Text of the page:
Painted screens are an authentic urban folk art created in Baltimore row house neighborhoods in 1913. Painted door screens provided an unobstructed view of the street to the row house owner, while the colorful images stopped people on the sidewalk from seeing in. “You can see out, but nobody can see in” became the motto all over the city.
Guest artist John Iampieri will teach this art tradition at the Rehoboth Art League from 10 a.m. to 1 p.m., Monday, Oct. 15. Workshop participants will learn the tools and techniques necessary to paint a high-quality, framed screen. Each person will leave with a completed screen wall hanging. The cost of the workshop, which includes supplies, is $75 per person.
Growing up in Baltimore, Iampieri saw hand-painted screens everywhere in East Baltimore row house neighborhoods. As a member of the Baltimore Painted Screen Society, he has traveled throughout Maryland over the years teaching this 104-year-old folk art. Iampieri's paintings are commissioned worldwide and frequently exhibited in numerous venues including museums, businesses, and media.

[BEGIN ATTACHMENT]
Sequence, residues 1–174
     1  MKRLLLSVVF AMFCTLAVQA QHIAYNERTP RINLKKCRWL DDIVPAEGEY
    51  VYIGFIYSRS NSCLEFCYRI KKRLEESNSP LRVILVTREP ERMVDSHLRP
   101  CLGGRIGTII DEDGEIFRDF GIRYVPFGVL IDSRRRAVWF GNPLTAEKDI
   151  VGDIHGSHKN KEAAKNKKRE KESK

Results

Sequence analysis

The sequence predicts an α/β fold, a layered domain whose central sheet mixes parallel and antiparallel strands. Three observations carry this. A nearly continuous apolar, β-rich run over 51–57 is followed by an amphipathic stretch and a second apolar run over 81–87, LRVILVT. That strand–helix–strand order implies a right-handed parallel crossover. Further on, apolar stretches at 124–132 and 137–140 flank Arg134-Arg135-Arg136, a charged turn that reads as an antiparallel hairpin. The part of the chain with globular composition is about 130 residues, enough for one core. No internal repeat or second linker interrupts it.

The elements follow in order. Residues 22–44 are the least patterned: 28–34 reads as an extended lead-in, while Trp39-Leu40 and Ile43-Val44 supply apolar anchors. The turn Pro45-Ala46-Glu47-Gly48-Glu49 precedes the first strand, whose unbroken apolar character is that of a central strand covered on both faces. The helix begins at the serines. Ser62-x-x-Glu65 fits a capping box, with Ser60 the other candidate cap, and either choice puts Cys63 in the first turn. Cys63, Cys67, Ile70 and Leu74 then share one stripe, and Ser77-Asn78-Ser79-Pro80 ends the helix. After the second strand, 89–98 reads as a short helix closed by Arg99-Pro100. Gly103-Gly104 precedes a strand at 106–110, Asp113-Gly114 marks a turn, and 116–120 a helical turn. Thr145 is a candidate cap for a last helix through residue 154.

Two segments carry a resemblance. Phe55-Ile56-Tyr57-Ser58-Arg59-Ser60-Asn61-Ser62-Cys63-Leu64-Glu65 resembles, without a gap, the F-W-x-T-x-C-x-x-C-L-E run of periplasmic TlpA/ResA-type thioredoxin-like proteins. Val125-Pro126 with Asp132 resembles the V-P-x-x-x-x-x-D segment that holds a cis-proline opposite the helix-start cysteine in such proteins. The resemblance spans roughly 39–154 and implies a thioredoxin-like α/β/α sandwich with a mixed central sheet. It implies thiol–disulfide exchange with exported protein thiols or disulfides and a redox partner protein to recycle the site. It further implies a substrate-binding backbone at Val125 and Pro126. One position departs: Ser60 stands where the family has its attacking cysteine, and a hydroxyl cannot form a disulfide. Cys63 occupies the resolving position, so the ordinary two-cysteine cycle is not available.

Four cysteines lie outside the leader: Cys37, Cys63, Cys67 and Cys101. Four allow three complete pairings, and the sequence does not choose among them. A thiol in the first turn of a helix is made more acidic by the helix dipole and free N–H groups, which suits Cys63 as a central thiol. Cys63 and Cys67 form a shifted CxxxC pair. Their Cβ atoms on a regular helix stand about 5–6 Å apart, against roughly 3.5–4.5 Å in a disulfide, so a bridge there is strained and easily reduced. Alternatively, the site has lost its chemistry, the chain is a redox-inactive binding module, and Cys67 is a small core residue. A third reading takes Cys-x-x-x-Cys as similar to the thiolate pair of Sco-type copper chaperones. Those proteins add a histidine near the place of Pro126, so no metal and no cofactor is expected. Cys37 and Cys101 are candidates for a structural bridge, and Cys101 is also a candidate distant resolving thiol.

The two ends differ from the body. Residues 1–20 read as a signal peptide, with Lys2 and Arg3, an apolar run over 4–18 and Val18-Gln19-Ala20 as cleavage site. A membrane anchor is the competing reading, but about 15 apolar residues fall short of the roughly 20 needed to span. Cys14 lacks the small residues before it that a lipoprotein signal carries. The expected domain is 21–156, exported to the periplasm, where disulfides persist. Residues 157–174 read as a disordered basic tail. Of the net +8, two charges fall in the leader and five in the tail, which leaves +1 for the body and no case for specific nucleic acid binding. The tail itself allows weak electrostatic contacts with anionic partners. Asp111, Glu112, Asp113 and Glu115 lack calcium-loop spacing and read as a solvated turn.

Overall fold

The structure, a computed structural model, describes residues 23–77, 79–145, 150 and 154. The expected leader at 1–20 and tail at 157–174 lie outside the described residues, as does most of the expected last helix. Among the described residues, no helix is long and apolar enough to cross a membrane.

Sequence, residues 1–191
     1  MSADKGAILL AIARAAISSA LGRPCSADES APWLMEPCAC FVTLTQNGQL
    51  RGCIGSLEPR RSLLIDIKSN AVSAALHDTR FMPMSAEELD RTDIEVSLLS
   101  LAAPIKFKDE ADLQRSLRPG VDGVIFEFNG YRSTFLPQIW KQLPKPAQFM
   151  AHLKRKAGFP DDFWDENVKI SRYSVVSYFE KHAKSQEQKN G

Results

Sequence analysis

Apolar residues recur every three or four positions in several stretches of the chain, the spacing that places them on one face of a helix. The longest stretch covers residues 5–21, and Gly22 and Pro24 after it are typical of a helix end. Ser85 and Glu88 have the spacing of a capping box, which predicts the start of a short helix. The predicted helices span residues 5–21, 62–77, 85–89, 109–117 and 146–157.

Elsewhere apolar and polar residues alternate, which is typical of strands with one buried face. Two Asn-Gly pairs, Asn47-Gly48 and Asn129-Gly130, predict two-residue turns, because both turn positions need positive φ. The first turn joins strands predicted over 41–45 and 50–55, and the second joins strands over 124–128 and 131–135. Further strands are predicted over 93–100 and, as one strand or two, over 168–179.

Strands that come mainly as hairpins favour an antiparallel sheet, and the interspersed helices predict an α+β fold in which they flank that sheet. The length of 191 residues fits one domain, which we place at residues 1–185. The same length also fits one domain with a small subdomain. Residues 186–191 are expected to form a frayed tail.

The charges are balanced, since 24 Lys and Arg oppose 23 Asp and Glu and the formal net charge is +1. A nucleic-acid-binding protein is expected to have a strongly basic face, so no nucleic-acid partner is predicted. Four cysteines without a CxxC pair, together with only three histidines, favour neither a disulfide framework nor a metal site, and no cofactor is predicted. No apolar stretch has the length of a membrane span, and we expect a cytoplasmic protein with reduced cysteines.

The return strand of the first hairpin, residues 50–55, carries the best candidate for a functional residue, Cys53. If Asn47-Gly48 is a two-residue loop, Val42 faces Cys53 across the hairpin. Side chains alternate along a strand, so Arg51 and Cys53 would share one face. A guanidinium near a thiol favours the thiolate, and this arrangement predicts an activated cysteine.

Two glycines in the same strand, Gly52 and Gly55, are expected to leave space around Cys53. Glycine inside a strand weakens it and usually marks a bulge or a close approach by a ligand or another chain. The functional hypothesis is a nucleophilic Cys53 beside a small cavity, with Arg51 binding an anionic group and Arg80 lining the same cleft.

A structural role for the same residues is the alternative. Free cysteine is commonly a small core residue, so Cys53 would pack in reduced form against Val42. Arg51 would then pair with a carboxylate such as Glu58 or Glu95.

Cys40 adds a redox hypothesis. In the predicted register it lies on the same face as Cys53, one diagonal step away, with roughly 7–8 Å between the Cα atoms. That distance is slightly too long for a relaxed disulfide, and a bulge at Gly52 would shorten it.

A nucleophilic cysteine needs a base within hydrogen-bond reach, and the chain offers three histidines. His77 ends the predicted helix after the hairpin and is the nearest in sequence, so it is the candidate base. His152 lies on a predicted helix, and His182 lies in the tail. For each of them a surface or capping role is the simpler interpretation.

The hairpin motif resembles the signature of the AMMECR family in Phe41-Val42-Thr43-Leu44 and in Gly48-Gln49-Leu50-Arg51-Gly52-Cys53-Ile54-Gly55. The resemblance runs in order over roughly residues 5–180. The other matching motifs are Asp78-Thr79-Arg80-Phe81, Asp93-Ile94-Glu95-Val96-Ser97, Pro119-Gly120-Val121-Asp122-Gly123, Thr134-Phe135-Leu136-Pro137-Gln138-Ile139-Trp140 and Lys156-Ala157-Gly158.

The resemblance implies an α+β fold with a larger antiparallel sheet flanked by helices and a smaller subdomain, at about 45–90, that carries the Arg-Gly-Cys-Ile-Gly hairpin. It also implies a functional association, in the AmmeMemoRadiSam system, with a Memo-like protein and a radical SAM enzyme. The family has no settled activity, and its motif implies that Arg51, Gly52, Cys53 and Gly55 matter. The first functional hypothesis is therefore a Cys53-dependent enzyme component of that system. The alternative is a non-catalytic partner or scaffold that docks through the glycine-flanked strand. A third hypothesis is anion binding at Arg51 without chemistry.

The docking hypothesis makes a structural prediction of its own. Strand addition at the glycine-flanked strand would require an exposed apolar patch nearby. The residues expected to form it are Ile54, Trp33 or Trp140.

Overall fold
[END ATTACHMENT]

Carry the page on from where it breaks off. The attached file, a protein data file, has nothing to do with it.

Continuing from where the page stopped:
To register for the workshop, go to www.rehobothartleague.org or call 302-227-8408, Ext. 112. All workshops are held at the Rehoboth Art League, 12 Dodds Lane, Henlopen Acres.